WEDNESDAY, 12 MAY 2010
The Cuckoo Boy
by Grant Gillespie
To Hell With Publishing featured in a post last week, which is worth a look if you haven’t seen it already, an independent publisher with a genuinely interesting take on the industry. Their new list is To Hell With First Novels, an imprint designed to nurture new talent through the process of delivering their debut work. First of the firsts is this dark novel from actor Grant Gillespie. Now, I have a confession to make: I know Grant. In fact we’re represented by the same agency and have regularly made fools of ourselves at various commercial castings in the quest to put food on the table. This means that receiving, reading and reviewing this book could have been problematic. Luckily I had no idea about his writing until I saw his name in an email, so had no preconceptions or investment in it. I also strive hard to maintain my integrity whilst reviewing, there doesn’t seem any point to me in writing puffed-up reviews, which actually means that my only worry was what to do if I didn’t like it, having said I would write a review. Worry not, there shall be no vague statements or faint praise here. The Cuckoo Boy is an amazingly assured debut that tackles some big themes, peopled by ambiguous characters and, most importantly, a distinctive creativity from first page to last.
Kenneth and Sandra Gardner have seen several years of their married life elapse and find themselves in their late twenties, any attempt to have children so far fruitless. A trip to the doctor confirms the worst and they realise that adoption will be the only way to bring a child into their life. After a frustrating period of rejections and technicalities they finally receive the call they have been waiting for and the moment that Sandra in particular has envisaged for such a long time.
“Sandra had rehearsed this moment time and time again. She would smile at him, a smile burning with love, and he would smile back, a broad smile brimming with recognition. In that instant they would choose each other. For ever.
The reality was somewhat different. She looked at this…this thing, this…someone else’s child…and love was not a word that sprang to mind. Fear was closer to the sensation she was feeling, fear mixed with an unwanted wave of revulsion. Nor did he smile back at the brave upturning of her mouth. He looked through her, entirely unmoved.”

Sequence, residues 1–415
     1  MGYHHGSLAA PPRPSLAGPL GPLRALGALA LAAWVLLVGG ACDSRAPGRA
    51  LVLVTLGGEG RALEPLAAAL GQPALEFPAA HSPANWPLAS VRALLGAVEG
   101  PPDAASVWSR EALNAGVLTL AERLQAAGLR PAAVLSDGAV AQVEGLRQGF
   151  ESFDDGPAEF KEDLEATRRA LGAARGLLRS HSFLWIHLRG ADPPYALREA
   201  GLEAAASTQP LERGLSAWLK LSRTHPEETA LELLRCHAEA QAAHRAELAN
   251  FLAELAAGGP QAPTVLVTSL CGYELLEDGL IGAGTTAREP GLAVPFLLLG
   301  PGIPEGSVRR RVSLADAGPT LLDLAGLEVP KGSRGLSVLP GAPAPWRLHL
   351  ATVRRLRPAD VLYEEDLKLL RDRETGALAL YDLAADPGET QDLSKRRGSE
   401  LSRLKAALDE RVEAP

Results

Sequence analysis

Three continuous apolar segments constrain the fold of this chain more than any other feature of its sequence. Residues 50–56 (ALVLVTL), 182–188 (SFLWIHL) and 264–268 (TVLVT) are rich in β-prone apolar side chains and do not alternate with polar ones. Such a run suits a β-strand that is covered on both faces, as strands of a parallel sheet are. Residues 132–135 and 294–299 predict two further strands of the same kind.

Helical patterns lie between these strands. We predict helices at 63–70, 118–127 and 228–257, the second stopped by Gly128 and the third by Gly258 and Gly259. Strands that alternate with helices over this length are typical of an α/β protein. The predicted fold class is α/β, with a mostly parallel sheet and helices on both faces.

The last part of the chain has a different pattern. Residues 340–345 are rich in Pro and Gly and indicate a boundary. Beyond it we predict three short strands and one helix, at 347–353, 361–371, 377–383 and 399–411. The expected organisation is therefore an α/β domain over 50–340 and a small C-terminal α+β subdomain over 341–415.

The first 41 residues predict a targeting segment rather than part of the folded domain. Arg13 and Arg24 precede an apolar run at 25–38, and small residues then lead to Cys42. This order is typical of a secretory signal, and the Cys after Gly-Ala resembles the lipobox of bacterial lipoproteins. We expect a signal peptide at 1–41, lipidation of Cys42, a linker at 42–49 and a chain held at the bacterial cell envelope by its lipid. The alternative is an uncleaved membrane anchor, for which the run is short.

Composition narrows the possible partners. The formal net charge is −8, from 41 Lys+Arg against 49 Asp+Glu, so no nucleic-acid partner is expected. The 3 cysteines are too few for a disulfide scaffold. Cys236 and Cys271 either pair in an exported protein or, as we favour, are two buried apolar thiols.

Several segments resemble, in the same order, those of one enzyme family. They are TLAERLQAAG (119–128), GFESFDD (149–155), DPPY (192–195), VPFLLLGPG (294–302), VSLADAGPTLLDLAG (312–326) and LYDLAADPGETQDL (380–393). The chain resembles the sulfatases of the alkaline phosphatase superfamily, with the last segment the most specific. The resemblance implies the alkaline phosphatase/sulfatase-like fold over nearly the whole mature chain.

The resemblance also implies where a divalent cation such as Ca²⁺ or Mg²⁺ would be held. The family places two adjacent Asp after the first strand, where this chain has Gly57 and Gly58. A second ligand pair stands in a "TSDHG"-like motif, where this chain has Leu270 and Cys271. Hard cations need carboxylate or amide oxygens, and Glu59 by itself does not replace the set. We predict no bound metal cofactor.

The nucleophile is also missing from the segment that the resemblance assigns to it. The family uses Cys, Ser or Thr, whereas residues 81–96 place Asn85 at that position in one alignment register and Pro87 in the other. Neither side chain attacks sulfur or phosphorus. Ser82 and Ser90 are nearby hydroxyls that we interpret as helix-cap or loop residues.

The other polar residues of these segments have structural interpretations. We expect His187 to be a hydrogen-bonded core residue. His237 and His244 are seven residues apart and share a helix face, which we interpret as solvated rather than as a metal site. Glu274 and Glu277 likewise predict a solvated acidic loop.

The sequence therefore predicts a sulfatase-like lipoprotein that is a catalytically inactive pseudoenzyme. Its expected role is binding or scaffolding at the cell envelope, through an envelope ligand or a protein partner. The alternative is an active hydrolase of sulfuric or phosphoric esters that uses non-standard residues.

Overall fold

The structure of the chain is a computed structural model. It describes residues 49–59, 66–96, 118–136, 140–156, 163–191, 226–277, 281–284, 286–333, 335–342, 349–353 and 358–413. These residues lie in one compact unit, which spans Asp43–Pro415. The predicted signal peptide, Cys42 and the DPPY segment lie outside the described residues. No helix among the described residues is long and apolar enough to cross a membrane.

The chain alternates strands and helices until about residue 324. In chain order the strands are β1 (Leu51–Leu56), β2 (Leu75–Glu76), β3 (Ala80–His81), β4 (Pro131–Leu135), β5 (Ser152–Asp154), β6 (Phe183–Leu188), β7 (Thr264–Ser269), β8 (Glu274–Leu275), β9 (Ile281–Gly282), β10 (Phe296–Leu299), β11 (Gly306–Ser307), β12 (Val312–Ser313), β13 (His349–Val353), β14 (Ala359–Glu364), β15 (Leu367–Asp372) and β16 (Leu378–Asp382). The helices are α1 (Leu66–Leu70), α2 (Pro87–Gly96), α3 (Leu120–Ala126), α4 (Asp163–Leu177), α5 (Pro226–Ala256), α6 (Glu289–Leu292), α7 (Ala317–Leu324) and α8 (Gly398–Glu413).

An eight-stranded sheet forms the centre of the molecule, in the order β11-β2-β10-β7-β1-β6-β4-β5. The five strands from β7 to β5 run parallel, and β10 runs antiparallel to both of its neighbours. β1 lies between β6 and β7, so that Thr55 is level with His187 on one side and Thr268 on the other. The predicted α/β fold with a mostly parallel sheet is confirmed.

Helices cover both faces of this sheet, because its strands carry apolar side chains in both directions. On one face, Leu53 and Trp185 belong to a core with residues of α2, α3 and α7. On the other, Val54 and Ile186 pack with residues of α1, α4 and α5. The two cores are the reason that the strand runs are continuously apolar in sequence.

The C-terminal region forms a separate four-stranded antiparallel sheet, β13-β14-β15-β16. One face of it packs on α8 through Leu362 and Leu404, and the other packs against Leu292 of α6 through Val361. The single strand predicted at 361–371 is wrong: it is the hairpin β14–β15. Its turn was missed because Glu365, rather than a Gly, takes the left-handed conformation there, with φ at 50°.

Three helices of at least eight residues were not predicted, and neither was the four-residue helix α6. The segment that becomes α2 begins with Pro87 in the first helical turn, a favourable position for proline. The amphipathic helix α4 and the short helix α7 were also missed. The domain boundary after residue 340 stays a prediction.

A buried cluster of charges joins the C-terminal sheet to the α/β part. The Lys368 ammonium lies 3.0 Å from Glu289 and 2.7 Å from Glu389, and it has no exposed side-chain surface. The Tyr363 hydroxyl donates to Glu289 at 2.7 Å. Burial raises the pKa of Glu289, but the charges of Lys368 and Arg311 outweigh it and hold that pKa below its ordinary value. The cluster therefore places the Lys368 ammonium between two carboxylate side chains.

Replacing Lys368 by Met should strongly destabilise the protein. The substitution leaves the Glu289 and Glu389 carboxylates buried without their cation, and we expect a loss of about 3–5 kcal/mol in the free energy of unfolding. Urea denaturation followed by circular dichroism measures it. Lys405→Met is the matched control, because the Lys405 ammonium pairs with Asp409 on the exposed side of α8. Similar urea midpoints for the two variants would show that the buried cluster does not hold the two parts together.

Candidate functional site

Parents worry about transferring any of their anxieties onto their infant children and Sandra immediately transfers hers onto us. Thrown by the disappointment of her first meeting she overcompensates, relegating Ken to the background whilst she attempts to bond with her child, his only real contribution the child’s name, James, rather inauspiciously taken from the bottle of whiskey he has been driven to. Immediately it seems that James is no ordinary child. Gillespie doesn’t achieve this with any theatrics but through a series of unsettling details that play on the anxiety of any new parent who asks themselves all the time during their child’s development, ‘is that normal?’ Their new baby seems to sleep for his entire first year, hardly ever crying, he doesn’t walk until two and a half, and takes tantrums and the terrible twos to a whole new level, one incident leading to an accident that leaves him with his head split open and a scar that ‘scored his side-parting like chalk’
“Sandra continually tried to smooth his hair over it, but it stubbornly refused to be covered up, And a sudden, sideways jerk of James’s head was all it took to reveal the skeleton finger scar, which pointed to his parents, reminding them of how they’d failed him.”
The opening section of the book will be an unsettling read for any parent, a brilliantly observed study of two inexperienced and ill-suited parents struggling to cope with the demands of a child who, despite the assurances of the adoption authorities, seems to be far from normal. This isn’t so much an examination of nurture versus nature (although there are elements of that), and nor is James overtly different, but slowly Gillespie builds up the events that build a larger and larger gap between parent and child.
“James’s parents had unwittingly succeeded in arming him both physically and verbally. He was fearless, despite his small frame, and cunning to boot. When they scolded him he took to laughing. Only now they were reluctant to raise a hand to him for fear of him raising his to another. They had no emotional or retributive hold whatsoever. whenever they came too close he simply spat out, ‘You can’t touch me, you’re not my parents,’ and they were crushed like invertebrates.”